Of the 173 film appearances of John Wayne, The Conqueror is one of his lesser known roles, and for good reason. In this movie, which Wayne actually asked director Dick Powell to star in, he plays the Mongolian warrior Genghis Khan.
Right off the bat it sounds ridiculous; John Wayne playing an Asian. The gave him makeup to make his eyes seem slanted and of course, gave him a Fu Man Chu facial hair style. Wayne, who needed to make only one movie to finish out his contract with RKO was heavily dissuaded by Powell to not take up this role and with the script thrown in the trash, Wayne pulled it out and said he wanted to play Genghis Khan as a cowboy would, and Powell then famously quipped, “Who am I to turn down John Wayne?”
A quick summary of the story can be found here from the film’s Wikipedia page:
The exterior scenes were shot on location near St. George, Utah, 137 miles (220 km) downwind of the United States government’s Nevada National Security Site. In 1953, extensive above-ground nuclear weapons testing occurred at the test site, as part of Operation Upshot-Knothole. The cast and crew spent many difficult weeks on location, and in addition Hughes later shipped 60 tons of dirt back to Hollywood in order to match the Utah terrain and lend verisimilitude to studio re-shoots. The filmmakers knew about the nuclear tests but the federal government reassured residents that the tests caused no hazard to public health.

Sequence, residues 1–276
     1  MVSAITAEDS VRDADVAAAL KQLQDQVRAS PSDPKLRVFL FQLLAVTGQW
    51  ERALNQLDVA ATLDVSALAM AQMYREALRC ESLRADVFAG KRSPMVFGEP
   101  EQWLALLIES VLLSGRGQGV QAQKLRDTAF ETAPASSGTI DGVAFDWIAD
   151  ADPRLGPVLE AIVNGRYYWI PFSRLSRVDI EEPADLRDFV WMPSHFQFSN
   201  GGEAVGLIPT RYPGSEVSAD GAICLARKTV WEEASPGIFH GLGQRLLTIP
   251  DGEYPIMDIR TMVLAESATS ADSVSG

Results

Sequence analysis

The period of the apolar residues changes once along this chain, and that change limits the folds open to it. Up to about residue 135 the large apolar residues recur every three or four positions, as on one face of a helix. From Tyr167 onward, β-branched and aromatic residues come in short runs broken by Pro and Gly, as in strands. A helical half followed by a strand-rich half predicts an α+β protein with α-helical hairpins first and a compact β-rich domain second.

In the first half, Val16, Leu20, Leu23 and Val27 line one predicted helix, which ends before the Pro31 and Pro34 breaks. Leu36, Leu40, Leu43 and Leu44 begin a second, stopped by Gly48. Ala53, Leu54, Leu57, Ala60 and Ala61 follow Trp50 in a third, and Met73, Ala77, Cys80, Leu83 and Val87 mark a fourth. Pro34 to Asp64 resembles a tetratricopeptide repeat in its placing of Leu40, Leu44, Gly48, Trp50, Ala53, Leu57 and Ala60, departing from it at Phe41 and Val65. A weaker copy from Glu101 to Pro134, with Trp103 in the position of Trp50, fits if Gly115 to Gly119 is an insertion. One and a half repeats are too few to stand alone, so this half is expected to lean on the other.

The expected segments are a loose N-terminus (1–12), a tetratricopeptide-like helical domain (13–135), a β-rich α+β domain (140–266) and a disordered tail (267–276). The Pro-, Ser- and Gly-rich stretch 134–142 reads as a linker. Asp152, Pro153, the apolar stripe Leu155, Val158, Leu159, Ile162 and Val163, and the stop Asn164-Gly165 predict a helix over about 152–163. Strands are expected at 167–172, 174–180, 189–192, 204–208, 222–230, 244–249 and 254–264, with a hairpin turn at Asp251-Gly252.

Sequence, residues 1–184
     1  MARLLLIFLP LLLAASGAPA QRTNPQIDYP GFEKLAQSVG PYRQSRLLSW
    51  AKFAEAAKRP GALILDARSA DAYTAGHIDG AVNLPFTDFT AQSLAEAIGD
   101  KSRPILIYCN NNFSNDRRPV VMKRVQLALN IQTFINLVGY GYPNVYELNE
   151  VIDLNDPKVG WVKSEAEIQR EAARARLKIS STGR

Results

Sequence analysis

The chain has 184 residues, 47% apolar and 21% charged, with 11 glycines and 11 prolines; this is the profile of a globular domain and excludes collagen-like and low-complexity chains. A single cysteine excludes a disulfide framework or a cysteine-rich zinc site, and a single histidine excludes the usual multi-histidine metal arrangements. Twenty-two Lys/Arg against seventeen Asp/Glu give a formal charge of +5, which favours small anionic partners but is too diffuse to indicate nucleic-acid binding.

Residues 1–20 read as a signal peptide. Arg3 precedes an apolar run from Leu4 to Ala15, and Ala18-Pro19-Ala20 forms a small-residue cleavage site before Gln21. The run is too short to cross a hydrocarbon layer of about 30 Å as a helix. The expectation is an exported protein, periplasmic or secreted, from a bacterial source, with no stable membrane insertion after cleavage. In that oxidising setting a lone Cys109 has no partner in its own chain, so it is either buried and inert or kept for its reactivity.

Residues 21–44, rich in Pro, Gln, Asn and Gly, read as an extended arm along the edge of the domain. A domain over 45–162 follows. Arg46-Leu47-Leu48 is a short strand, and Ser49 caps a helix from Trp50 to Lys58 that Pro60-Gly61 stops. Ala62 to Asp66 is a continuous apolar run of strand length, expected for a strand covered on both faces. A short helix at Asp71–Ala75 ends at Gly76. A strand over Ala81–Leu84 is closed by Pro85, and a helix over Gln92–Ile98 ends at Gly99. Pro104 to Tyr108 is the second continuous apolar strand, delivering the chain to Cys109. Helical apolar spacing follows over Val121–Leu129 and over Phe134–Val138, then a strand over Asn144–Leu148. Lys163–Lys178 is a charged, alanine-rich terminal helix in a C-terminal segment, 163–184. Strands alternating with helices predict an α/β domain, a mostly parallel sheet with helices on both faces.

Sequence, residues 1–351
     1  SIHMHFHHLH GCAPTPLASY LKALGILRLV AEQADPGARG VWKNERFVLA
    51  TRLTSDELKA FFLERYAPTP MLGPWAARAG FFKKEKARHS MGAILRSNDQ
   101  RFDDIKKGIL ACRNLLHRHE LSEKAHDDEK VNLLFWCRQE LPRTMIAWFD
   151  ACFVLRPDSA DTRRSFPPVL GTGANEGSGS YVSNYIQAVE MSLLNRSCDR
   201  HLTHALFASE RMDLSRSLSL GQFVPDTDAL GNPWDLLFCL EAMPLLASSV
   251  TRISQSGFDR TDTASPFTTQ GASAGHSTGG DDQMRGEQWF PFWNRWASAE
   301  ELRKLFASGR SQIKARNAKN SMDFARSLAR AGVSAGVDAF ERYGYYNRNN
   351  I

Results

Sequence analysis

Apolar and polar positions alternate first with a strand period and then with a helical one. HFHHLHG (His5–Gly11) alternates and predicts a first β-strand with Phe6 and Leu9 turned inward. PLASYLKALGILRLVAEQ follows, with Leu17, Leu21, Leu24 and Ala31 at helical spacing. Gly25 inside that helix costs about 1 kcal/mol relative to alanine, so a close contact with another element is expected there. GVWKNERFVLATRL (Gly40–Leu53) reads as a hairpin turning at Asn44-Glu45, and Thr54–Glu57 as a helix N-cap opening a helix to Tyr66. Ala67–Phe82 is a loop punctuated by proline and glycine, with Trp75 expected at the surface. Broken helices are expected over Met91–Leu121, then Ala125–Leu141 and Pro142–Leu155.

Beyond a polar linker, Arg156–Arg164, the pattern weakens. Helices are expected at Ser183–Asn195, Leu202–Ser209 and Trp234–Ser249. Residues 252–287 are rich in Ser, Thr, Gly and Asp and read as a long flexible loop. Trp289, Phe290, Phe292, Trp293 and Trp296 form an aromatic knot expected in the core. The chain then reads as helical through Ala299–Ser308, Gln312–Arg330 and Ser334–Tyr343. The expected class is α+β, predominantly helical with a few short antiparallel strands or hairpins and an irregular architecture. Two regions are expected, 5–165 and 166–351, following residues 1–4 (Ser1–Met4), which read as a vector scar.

Director Dick Powell died of cancer in January 1963, seven years after the film’s release. Pedro Armendáriz was diagnosed with kidney cancer in 1960, and committed suicide in 1963 after he learned his condition had become terminal. Hayward, Wayne, and Moorehead all died of cancer in the 1970s. Cast member actor John Hoyt died of lung cancer in 1991. Skeptics point to other factors such as the wide use of tobacco — Wayne and Moorehead in particular were heavy smokers. The cast and crew totaled 220 people. By 1981, 91 of them had developed some form of cancer and 46 had died of the disease. Several of Wayne and Hayward’s relatives also had cancer scares as well after visiting the set. Michael Wayne developed skin cancer, his brother Patrick had a benign tumor removed from his breast and Hayward’s son Tim Barker had a benign tumor removed from his mouth.